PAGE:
Put a Label On It April 29 2020 8 Comments
You have pieced, basted, quilted and finished binding your quilt. Now after all of this time spent making the quilt, your labor of love deserves a label!
A label can accomplish a few things:
- You’re able to sign and date your work, as any artist would. This type of documentation is important not only if you are planning on selling the piece, but also for the sake of posterity.
- If it’s a gift or custom made for someone, you can include his or her name on the label and commemorate the occasion.
- Is your quilt going to a show? Then you must label it with the title, year made, your name and other contact details (specified by show).
So, are you ready to add the final touch? We thought so and have come prepared with a few ways to help you put a label on it.
If you took a Pinterest tour of quilt labels, we wouldn't see you for at least a week! But it is worth the look for the sheer variety—from handwritten and handmade to custom woven or printed labels.
This is an easy, peasy way to get your label done. Take a swatch of fabric (like a scrap from your awesome quilt top) and a colorfast, permanent marker or pen (archival pens work great). Write the information on the fabric by hand. Whip stitch the label to the back of your quilt. Done!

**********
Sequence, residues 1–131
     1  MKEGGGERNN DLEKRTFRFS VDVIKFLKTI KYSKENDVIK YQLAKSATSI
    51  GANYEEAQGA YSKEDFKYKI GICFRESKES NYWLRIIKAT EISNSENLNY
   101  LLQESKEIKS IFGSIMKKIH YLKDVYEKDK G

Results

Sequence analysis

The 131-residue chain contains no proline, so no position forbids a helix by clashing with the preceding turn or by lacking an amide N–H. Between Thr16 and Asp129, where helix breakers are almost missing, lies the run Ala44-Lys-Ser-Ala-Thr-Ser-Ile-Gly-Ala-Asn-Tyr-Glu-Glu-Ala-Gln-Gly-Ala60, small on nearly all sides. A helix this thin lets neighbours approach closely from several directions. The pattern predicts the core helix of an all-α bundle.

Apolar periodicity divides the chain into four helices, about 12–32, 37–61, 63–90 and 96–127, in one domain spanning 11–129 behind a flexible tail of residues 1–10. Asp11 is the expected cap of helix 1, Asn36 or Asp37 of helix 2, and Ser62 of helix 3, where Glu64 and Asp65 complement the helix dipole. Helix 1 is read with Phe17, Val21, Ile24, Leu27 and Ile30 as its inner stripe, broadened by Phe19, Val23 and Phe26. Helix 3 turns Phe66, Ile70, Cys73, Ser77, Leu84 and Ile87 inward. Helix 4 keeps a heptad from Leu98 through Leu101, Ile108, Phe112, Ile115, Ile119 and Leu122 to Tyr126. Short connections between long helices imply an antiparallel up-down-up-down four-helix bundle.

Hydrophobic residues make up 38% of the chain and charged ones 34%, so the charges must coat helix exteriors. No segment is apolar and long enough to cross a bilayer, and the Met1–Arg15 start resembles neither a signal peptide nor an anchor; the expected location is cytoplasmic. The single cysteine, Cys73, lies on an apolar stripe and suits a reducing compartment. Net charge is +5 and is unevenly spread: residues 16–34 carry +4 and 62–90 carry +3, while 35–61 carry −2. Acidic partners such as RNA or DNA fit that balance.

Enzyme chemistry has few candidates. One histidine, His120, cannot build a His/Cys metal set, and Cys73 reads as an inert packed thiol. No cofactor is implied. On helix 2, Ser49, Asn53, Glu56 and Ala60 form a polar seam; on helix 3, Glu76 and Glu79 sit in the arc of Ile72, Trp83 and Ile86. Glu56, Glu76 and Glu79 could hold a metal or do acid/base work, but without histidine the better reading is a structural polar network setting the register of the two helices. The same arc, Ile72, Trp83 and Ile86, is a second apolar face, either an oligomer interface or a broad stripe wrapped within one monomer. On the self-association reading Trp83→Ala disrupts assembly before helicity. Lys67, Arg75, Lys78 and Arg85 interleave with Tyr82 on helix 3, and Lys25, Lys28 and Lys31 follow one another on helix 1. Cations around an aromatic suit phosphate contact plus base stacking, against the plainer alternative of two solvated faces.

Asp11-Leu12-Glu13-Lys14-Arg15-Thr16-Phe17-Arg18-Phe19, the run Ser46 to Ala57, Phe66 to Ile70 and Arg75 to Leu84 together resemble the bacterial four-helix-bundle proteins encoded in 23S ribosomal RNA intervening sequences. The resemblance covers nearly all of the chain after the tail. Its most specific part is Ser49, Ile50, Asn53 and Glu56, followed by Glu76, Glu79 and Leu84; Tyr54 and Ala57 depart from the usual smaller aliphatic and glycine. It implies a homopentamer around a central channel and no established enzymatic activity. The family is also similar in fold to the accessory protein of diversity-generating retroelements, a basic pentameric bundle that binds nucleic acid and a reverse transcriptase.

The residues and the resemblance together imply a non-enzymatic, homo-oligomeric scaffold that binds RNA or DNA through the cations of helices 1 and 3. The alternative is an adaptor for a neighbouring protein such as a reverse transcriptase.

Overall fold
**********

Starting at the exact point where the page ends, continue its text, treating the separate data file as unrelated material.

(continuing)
You can print on fabric using your home printer. Either use freezer paper or prepared fabric sheets. With this option, you can design anything using your favorite computer design program or even a simple text-based document.
Once you’ve printed out your labels (because ideally you have created more than one as it’s an 8.5” x 11” or U.S. size paper), then you cut one out and stitch it to your quilt back or finished piece.
Image from Betsy Siber's fine work on Instagram
Some of you may wish to hand or machine embroider a label for your quilt occasion. For example, when gifting a baby quilt, this is a sweet touch. With either method you choose, this can add some flair to your quilt back with added flowers, borders, or other motifs.
Or you can try this snazzy free motion quilt method.
There are lots of companies that make labels, from woven to fold over tabs to iron-on labels. With these, the best tip is to plan ahead and order somewhat generically. For example, you may not want 200 labels with the year 2020 printed on them. Like everything else, it is completely up to you and your style.
Image from Evie Jespersen's fine work on Instagram
With our current shelter in place situation, we recently saw some labels including the pandemic in its description. What a way to document your creation for posterity's and history's sake!
Image of documented Covid-19 label by JoAnn Woodrum Leung from the Red Thread Studio UFO Challenge Facebook Group.
The Finished Label
Stitching the label to the back will likely be the way you place all your labels, but where on the back is your own personal touch.
You can either take your square, circular, hexagonal (for all the hexie fans!) shaped label, or really any shape you like, and place it in one of the corners on back. With this method, you would sew all the sides of the label securely to the quilt back.
Another way is to place the label into the corner and sew it on with the binding. Still another would be within the seam as with a fold-over tab style label. You’d have to think ahead with either of these methods, which should now be part of your quilting or garment making process.
What is your favorite way to label your quilt? Leave a comment below with your preference or tip.